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P. 20-23 /

Efficient non-microwave heating method for solid-phase peptide synthesis

corresponding

JAMES P. CAIN*, MICHAEL A. ONAIYEKAN, CHRISTINA A. CHANTELL*, CHRIS DONAT, ROBERT W. HENSLEY, MAHENDRA MENAKURU
*Corresponding authors
Protein Technologies, Inc. 4675 S. Coach Dr. Tucson, AZ 85714, USA

Abstract

A variety of peptide sequences were synthesized using a highly efficient non-microwave heating method on an automated peptide synthesizer and compared to microwave data. This particular system represents an advance over existing microwave systems in that more than one peptide can be synthesized simultaneously with heat.


INTRODUCTION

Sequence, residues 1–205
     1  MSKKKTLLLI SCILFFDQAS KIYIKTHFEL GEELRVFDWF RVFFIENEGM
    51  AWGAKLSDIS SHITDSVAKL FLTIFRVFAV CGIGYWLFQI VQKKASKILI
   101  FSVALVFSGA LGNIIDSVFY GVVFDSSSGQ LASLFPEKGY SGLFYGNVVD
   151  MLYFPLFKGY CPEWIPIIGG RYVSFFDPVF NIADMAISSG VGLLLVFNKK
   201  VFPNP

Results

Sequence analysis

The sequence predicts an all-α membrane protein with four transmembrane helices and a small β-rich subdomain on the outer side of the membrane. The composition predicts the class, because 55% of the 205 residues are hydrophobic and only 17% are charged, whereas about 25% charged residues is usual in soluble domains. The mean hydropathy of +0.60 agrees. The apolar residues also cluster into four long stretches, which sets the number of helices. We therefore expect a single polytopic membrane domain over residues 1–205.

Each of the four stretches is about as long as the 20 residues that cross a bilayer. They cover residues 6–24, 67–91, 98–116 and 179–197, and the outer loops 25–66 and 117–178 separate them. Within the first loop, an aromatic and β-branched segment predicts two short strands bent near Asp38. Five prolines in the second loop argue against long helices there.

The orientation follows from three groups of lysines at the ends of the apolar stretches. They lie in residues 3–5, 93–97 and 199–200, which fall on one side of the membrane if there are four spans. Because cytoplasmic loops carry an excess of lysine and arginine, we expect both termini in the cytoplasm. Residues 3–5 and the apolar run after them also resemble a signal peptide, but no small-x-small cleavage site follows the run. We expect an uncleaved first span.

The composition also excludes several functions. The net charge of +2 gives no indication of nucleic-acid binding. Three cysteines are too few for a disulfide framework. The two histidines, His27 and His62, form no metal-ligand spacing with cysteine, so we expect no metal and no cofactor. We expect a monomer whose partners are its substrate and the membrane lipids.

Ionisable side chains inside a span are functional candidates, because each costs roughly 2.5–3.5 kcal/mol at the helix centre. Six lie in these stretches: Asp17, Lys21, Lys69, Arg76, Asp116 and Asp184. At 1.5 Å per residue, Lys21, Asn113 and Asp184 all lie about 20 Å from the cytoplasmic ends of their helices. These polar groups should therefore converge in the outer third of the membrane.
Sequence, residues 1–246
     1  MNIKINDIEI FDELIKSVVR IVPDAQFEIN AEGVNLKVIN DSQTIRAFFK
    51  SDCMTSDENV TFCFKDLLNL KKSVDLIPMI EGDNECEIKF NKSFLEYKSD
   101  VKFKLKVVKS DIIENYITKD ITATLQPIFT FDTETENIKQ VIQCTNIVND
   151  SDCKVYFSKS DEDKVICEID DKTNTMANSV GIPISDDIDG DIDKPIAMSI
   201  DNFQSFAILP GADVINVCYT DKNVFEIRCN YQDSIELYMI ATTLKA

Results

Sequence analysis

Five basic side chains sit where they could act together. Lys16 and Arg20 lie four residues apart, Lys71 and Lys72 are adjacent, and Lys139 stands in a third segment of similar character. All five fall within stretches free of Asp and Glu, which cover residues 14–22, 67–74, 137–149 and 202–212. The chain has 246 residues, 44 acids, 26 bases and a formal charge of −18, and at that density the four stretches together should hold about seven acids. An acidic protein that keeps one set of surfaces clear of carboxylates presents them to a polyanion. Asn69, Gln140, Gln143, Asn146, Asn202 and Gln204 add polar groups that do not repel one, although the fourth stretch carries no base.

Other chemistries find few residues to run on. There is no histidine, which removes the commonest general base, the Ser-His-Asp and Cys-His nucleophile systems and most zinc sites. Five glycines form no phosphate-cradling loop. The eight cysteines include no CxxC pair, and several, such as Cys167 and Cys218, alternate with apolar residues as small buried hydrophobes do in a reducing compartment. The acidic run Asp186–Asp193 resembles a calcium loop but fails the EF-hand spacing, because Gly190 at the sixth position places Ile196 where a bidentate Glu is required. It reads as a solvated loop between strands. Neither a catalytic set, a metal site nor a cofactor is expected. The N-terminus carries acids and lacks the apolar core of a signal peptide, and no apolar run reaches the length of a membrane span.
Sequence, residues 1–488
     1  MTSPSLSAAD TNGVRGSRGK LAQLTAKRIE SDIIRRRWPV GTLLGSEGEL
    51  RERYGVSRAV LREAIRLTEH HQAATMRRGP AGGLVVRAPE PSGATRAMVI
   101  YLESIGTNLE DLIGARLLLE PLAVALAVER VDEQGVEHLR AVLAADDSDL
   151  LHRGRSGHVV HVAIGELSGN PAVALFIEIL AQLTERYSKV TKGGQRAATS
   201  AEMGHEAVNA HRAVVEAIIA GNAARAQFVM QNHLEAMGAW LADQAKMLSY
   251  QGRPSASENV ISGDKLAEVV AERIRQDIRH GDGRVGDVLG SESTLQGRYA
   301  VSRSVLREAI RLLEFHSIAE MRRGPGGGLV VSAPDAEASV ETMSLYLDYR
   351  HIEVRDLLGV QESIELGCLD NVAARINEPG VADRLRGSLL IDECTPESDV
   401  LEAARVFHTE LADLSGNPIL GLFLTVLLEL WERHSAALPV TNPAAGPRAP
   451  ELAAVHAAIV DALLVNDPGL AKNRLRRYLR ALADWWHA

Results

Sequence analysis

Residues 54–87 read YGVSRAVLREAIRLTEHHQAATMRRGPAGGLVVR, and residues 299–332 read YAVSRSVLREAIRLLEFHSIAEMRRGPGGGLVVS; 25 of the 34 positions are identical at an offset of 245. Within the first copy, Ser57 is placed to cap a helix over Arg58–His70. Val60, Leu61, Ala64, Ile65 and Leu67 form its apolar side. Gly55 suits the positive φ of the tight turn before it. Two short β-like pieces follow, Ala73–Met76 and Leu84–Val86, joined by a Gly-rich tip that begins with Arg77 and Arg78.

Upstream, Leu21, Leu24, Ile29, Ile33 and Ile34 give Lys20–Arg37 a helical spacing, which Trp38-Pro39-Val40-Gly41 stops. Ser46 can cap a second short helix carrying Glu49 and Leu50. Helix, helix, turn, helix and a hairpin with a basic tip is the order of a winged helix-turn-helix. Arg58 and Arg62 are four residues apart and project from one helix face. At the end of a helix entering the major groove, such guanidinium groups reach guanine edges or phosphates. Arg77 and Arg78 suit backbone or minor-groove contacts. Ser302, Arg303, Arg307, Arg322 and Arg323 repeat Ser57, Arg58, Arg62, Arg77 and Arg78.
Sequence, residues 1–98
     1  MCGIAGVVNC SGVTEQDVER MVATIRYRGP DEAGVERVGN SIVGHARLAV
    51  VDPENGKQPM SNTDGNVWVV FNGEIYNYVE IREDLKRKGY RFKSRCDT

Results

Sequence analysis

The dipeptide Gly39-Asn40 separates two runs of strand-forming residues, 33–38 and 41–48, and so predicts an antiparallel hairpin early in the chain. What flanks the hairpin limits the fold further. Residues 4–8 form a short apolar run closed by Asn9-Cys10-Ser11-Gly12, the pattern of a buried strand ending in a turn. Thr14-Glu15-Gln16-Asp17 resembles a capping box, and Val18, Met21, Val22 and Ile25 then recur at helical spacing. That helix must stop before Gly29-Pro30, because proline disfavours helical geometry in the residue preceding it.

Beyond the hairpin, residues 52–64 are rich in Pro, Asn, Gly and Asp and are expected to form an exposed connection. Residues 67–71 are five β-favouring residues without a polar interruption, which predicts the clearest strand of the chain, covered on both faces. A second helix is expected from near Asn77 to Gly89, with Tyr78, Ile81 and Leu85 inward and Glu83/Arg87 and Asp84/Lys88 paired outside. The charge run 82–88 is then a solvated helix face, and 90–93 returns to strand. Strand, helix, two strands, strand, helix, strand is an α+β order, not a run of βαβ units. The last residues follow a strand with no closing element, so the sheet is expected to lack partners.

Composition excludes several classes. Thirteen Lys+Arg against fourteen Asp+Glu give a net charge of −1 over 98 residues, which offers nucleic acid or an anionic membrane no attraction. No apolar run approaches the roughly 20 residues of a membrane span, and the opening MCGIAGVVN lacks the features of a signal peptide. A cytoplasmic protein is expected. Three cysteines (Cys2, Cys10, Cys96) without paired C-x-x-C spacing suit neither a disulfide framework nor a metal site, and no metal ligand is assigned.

Long and difficult peptides remain a challenge in solid-phase peptide synthesis (SPPS). Sterically hindered side chains and inter- and intramolecular chain aggregation due to hydrophobic side groups can obscure the reactive site of a growing peptide chain. Several methods which have been shown to overcome these difficulties include the use of pseudoproline dipeptides (1-3), more efficient activators such as HATU or HCTU (4, 5), the choice of solvent (4) and low-loaded resins (6, 7). In each case, the synthetic challenge has been overcome by the use of one or more of these tools. Another tool which has been used in such cases is heat. In recent years, microwave heating has gained in popularity due to its ability to heat in a highly efficient way. The disadvantages to using microwave methods are they cannot be scaled up due to the inability of microwaves to penetrate a solution more than a few centimetres, and they can only be performed in one reaction vessel at a time, so they cannot be used in high-throughput applications. Luckily, recent studies comparing conventional and microwave methods concluded that the outcomes were due to the heat al ...




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